Ogunte: How do you close the gender gap in your day-to-day activities?
Zeina Saab: In our coding bootcamp program, we launched our pilot round in March with one female and eight male students. The female later dropped out for family reasons. We have begun recruiting students for our next round, and to our surprise, we are not only getting a much larger number of female applicants, but they are much stronger than the male applicants this time around. After seeing the low numbers of female applicants last time, we made sure to reach out to female networks and encourage them to spread the word to young female programmers. It takes a lot of effort but we know the talent exists within the female population but due to certain obstacles they do not always come forward. Similarly in our entrepreneurship program with refugees, we recognize that some girls may be discouraged from enrolling in our training. As a result, our social workers make it a point to speak with their parents and husbands and try to understand their concerns. We have catered our program to ensure they enroll – for example we have based our training in their neighborhoods so there is no transportation issue, and also are open to creating a morning session for girls only. We figure that if they could at least attend our training, they could become empowered and we could discuss gender issues with them and hope that they emerge more confident and more determined to address their disempowerment at home. With our training program, women earn a daily stipend and have the chance to start their own small enterprise, so in this way they become more valued and respected members of their household and as a result perspectives towards them could end up changing with time.
Ogunte: How is your eagerness to be involved as a social entrepreneur stem from what happened in your early years?
Zeina Saab: I never imagined I would start my own NGO or become a social entrepreneur. My dream was always to work with the UN. Fortunately, I got to do that. I was a consultant for the UNFPA here in Lebanon whereby I had to visit a number of villages throughout the country and assess the impact of a gender empowerment program on its beneficiaries. I enjoyed my time interacting with the women from all parts of Lebanon, but then I felt that I had gained enough insight and wanted to experience something new. So I decided I wanted to see what happens on the other side, at HQ. So I was able to get a consultancy with UNFPA in New York in 2010, and worked on youth empowerment there for one year. Except that I wasn’t happy. Within just a few months, I got to be really bored and uninspired. The work I was doing was not stimulating and I felt extremely disconnected from the field. I also began to question the effectiveness of our work while seeing so much money being poured into workshops and conferences and publications.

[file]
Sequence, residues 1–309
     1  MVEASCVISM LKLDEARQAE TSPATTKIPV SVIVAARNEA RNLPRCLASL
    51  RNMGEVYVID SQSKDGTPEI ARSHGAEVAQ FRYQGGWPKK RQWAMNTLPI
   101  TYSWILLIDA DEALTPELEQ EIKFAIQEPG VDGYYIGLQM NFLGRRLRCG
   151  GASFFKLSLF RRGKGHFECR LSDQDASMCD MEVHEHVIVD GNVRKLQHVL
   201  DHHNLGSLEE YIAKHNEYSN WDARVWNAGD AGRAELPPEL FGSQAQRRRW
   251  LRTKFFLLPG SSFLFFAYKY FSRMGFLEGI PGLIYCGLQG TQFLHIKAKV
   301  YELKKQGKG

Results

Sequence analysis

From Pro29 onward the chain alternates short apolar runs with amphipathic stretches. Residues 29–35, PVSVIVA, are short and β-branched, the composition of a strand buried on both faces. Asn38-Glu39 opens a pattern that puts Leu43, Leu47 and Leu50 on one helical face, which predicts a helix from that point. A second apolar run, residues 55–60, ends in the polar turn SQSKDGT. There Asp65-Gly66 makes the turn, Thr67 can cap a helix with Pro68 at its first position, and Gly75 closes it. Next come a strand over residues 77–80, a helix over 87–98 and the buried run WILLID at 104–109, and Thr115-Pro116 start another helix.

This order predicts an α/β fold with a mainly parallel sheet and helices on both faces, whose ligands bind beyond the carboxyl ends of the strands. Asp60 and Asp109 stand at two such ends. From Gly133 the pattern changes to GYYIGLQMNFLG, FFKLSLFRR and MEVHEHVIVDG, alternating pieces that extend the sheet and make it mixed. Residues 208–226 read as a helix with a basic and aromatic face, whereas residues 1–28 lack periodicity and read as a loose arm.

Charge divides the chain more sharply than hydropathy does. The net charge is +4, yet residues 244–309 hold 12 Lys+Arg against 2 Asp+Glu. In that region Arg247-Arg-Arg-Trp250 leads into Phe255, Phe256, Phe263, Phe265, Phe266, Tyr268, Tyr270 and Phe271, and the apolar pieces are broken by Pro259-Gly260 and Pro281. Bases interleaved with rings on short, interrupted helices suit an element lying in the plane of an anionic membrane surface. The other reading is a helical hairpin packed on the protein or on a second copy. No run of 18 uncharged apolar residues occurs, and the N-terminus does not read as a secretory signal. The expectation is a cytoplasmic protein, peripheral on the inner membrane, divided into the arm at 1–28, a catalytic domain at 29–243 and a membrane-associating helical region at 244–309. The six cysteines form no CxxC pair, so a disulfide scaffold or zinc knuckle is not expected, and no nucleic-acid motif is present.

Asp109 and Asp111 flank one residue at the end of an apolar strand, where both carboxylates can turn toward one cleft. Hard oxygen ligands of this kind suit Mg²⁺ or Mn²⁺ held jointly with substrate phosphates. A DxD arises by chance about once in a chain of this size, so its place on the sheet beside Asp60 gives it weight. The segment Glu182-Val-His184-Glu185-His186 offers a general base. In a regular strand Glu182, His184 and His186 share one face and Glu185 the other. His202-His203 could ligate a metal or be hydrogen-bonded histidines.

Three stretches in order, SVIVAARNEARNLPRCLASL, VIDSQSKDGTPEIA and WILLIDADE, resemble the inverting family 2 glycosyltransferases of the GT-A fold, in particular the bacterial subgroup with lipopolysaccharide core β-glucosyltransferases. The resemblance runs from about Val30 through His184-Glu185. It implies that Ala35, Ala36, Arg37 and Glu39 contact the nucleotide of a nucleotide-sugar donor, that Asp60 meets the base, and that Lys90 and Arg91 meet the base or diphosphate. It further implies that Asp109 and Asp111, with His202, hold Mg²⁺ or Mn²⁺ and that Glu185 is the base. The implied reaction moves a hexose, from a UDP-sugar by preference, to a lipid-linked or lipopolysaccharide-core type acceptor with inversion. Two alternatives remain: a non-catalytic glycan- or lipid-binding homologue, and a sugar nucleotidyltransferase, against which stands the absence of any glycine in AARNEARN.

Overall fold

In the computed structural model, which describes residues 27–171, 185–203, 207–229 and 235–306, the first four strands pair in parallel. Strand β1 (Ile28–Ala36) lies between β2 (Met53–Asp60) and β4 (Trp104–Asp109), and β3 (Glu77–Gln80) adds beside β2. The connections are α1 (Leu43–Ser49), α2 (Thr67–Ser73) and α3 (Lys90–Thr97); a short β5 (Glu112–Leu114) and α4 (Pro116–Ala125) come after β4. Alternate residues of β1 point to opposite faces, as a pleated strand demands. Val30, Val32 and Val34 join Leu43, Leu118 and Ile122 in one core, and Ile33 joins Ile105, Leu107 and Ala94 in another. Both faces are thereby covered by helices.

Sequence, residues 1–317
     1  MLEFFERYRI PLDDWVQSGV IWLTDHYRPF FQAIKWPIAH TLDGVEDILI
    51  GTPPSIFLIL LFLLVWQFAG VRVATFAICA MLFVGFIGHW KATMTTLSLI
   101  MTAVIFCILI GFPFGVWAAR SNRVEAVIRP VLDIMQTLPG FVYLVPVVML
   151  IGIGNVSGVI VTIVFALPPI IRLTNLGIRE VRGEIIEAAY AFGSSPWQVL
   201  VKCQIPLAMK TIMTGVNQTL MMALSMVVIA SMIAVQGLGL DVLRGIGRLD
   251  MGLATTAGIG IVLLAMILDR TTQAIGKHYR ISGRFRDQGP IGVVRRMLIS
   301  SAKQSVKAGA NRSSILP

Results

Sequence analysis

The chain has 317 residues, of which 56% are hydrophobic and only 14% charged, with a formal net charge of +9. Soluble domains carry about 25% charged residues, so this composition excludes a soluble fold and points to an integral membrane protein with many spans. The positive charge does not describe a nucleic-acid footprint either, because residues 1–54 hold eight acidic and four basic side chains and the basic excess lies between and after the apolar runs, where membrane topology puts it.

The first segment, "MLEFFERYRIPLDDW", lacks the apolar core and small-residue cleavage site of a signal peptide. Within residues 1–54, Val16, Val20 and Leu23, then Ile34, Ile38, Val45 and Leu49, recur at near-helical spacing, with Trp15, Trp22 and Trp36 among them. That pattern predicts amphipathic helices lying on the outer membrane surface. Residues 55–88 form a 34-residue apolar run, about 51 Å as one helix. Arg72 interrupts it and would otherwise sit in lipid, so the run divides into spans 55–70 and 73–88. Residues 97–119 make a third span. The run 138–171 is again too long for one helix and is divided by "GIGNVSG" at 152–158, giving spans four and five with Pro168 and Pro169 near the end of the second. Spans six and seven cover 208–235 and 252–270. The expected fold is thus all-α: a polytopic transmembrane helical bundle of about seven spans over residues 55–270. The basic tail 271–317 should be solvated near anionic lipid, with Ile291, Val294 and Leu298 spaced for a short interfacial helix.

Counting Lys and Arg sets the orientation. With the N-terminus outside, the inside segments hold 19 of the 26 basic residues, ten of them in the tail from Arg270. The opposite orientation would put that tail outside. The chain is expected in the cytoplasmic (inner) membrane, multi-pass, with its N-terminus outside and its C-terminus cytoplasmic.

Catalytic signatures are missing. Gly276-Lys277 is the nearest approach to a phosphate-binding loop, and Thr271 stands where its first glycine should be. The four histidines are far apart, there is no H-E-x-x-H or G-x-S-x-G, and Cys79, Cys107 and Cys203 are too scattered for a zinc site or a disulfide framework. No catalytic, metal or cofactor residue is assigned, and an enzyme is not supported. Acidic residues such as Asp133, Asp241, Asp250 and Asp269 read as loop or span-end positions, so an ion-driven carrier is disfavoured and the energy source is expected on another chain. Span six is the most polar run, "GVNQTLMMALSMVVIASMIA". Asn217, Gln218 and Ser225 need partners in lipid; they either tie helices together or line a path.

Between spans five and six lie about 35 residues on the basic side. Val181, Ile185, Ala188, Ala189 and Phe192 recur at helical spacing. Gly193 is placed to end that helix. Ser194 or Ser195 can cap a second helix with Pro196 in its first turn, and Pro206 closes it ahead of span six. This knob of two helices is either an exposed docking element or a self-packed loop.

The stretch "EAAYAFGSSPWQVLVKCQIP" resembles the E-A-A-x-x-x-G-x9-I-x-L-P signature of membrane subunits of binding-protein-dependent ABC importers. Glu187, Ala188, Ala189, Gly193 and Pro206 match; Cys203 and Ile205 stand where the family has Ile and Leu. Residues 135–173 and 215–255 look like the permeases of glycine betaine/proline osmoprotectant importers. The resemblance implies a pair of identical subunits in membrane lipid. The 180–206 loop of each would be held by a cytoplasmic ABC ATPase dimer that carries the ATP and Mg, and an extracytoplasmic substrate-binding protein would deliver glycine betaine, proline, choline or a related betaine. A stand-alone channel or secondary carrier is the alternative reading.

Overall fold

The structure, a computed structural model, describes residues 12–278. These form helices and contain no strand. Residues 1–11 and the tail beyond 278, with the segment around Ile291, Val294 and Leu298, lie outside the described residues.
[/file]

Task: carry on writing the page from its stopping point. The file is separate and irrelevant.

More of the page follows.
I became disillusioned and felt that I could no longer be satisfied wasting away in a cubicle from 9am – 5pm while I was still at my prime in my mid-20. I still recall working on a proposal/concept note for Nawaya while sitting at my desk at the UN and remembering how excited I was to be working on something of my own. So a few months later I packed up and headed back to Lebanon to start Nawaya, and I have never been happier.
Ogunte: Do you have a couple of success stories your own people have experienced through Nawaya, that we can share with our audience?
Zeina Saab: My favorite success story recently came full circle. In 2009, I randomly met a 14-year-old girl in a village in Lebanon, She showed me beautiful sketches of dresses she had drawn, and I knew that with the right support, she could become an amazing fashion designer… And that’s how The Nawaya Network began. In 2012, after establishing the NGO, we went back to find her, to tell her that an NGO now existed because of her, and offered to enroll her in a fashion academy. She began at Creative Space Beirut, and one year later, enrolled at CAMM Fashion Academy.
For the past four years, her skills have flourished. Every sketch she made was more incredible than the one before. Not only have her fashion skills blossomed, but she has grown into such an independent, responsible, and professional young lady.